Employee says he can't take any more knowledge in

I need some help with my thinking regarding an employee.  I believe we have two issues with him, one won't do and potentially one can't do.

The won't do are several incidents where he has been told by his manager not to do something and he has done it again!  His manager has spoken to him and made it clear that if it happens again we may instigate a formal procedure.

At the same time when his manager spoke to him about the won't do incidents, the employee also informed her that he was unable to take on any more knowledge and if he was trained on a new subject something else would drop out of his brain (I kid you not, this is what he said).

I advised the manager to speak to him to try and understand what his issue was and what we can do to help, ie did he need more training, a different way of being trained, etc.

The employee just re-iterated the issue that he can't take any more knowledge in and related it to a car fuel tank and he's nearly full and he can't take any more in.

We provide ERP software to small/medium size businesses and the employee's role is consultancy so he is liaising with new/existing customers to understand their processes and advise them on the appropriate solutions.  The role requires a wealth of knowledge and experience which is built up from previous experience and training etc provided by us.

I'm really not sure what to do here, my instinct is to put him onto a PIP or should I consider something else?  Is this a won't do as well, ie he is not prepared to learn anything else?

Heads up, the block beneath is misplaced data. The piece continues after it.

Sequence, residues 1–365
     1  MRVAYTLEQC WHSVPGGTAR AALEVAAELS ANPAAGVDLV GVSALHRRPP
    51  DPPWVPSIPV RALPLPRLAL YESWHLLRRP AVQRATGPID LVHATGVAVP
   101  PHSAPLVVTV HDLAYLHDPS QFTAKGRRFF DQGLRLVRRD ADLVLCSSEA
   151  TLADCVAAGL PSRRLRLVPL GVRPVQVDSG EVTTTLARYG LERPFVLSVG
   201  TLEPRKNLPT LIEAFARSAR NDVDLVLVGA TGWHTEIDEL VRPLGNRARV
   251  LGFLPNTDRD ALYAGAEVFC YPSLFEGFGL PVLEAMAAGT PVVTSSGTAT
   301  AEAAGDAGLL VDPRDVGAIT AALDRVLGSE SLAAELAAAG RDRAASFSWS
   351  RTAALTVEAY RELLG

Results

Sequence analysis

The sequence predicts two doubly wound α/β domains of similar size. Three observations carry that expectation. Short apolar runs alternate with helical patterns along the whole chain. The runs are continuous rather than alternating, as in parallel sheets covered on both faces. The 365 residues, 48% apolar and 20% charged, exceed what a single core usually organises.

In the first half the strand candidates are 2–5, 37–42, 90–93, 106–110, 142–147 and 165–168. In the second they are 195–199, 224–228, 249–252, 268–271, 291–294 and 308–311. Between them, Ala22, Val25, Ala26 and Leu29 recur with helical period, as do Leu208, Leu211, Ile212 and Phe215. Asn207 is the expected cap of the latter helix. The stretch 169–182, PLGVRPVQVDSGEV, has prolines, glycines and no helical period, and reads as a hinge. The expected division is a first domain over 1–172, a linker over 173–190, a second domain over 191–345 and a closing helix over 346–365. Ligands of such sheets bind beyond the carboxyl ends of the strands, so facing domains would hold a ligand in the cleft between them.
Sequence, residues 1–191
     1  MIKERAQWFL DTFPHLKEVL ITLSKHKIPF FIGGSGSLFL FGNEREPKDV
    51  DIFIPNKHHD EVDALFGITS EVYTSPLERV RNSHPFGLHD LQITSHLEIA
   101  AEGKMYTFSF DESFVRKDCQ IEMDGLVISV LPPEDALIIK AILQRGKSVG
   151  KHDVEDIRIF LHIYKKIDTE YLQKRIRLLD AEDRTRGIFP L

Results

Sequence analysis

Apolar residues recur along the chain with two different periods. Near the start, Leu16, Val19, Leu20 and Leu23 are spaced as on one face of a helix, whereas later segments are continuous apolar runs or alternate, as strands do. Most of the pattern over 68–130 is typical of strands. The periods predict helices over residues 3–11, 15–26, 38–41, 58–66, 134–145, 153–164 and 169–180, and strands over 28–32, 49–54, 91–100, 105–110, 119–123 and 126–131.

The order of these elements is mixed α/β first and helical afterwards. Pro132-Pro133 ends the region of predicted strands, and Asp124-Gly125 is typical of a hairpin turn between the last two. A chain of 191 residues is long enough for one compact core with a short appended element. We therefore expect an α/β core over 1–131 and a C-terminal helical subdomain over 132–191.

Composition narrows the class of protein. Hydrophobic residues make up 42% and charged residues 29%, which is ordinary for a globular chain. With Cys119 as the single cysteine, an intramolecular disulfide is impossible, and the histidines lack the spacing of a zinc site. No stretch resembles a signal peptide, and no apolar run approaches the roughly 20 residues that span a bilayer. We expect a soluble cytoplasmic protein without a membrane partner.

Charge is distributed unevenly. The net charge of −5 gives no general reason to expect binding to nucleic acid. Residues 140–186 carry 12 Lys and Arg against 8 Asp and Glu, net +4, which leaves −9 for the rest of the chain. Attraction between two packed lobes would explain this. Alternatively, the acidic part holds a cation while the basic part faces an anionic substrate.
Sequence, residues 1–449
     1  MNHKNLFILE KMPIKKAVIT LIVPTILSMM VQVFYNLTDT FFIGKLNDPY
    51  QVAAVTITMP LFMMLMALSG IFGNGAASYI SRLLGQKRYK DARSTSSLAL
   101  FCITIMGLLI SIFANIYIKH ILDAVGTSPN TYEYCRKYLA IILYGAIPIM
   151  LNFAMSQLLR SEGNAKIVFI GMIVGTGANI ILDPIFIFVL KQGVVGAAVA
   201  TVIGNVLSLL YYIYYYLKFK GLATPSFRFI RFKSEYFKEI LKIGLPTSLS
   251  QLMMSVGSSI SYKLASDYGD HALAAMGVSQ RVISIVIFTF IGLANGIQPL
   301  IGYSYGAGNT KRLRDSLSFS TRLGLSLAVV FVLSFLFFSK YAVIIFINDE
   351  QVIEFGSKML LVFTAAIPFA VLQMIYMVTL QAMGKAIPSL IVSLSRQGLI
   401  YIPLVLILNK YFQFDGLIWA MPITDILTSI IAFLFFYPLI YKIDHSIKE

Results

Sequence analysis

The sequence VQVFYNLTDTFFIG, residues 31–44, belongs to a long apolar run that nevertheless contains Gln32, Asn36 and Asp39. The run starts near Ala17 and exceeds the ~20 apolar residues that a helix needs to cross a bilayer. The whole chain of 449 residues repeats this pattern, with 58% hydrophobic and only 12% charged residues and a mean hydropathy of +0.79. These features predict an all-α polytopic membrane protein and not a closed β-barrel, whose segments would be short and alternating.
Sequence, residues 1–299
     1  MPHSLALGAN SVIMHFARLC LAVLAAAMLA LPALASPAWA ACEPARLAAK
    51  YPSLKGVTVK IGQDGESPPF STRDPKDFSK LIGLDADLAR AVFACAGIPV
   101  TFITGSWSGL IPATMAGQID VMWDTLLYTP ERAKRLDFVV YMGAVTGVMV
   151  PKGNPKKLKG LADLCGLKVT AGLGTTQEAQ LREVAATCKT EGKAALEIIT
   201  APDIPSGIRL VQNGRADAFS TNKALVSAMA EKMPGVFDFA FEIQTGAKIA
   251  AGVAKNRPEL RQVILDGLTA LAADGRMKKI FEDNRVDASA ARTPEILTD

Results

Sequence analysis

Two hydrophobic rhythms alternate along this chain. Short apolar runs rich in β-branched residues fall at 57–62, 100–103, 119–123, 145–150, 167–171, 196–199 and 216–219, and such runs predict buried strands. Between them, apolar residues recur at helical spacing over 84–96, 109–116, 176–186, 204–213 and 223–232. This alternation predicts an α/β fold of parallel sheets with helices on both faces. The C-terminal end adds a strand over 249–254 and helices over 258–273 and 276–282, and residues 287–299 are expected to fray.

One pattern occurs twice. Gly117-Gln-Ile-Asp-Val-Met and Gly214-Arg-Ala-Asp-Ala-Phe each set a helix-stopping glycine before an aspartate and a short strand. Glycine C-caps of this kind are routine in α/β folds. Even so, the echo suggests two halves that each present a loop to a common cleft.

• I think he is saying his stress levels are at max
    I would therefore be trying to find out what you and/or he can do reduce that stress.
    Alternatively he is acknowledging that he is going beyond his levels of competence/confidence, which means a different difficult discussion.
  • Johanna

    | 0 Posts

    Community Manager

    24 Sep, 2021 16:15

    It does sound like he is struggling - at least he is opening up about his limitations. How about coaching/buddy scheme/development plan etc? (I have my line manager hat on here!) Also a sit down chat about his personal situation and anything that could be affecting his ability to work?
  • In reply to Johanna:

    Thank you
  • There are some conditions that cause cognitive difficulties, so maybe an OH referral would uncover an undiagnosed condition. In others in stressful situations they just can't recall basic information so maybe crib sheets or check lists might help. In PDF format they can be accessed on a mobile phone for easy access. So maybe eventually he may improve but then again we can't all be rock stars or fighter pilots (which is why I ended up in L&D!!) maybe this is just a case of the Peter principle in action and the role being beyond their capabilities.
  • In reply to Jim:

    Agree with Jim here - and agree referral to Occupational Health is a stage you should try before making any final decisions

  • Steve Bridger

    | 0 Posts

    Community Manager

    28 Sep, 2021 11:28

    In reply to Cass Clothier: